It was shorter than watching Apocalypse Now Redux, but to me Tim Wakefield’s 22 pitch outing last night gave me more info than the extra 11 hours of footage added to the original Apocalypse Now did. Six outs against seven hitters, no limping, no painful to watch attempts to field his position, most importantly no apparent back pain. This is a good sign for the Sox rotation amongst Beckett (1IP, 1R) and Lester (1IP, 4R) crapping the bed in their first starts (though Lackey did breeze through two innings today), and gives me hope that Wake is not, in fact, done, and that the surplus of starting pitching that we have this season will turn out better than it did last year.
Victor’s facility with the knuckler was also a bright spot of the 5-0 win (how quickly do you think people are going to start freaking out about that we didn’t score in the second spring training game?). Having our starting catcher out every fifth day can screw with the continuity of the team and this way Wake can also be used as a long man (heyo) in emergency situations. I’d hate to have to bring Mirabelli back with a police escort again.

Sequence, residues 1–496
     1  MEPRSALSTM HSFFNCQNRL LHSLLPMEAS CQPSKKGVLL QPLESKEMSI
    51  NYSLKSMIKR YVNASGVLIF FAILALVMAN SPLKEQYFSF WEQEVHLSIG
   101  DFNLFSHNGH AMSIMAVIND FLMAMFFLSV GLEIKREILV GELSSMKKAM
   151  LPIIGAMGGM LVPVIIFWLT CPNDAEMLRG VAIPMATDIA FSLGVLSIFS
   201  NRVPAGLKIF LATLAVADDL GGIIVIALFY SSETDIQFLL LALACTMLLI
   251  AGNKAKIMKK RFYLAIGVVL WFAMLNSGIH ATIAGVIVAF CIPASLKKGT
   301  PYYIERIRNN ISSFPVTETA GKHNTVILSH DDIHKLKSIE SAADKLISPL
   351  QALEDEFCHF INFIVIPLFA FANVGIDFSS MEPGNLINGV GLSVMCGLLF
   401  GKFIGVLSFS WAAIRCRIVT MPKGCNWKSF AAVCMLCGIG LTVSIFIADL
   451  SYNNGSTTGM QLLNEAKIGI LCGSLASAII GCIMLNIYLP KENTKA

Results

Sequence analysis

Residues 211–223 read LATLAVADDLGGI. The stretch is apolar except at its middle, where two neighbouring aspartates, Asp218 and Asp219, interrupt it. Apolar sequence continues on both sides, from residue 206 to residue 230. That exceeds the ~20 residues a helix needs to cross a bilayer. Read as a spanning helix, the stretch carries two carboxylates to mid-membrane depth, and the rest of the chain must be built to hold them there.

Oh, right now on ESPN Classic there’s a replay of game 6 of the 2004 ALCS and I am astounded by two things. One s how bad Tim McCarver is at his job, throwing out facts like, “that’s a big pitch right there,” after a 3-1 strike from Foulke to Tony Clark, to prove that he can point out the most obvious thing in the world. The second thing is how much Joe Buck, who wanted to get that series over with like nobody’s business, was rooting for the Yankees. Every time anything happened, he would point out exactly how the Yankees were going to win, as if he was hoping for it. What a douche.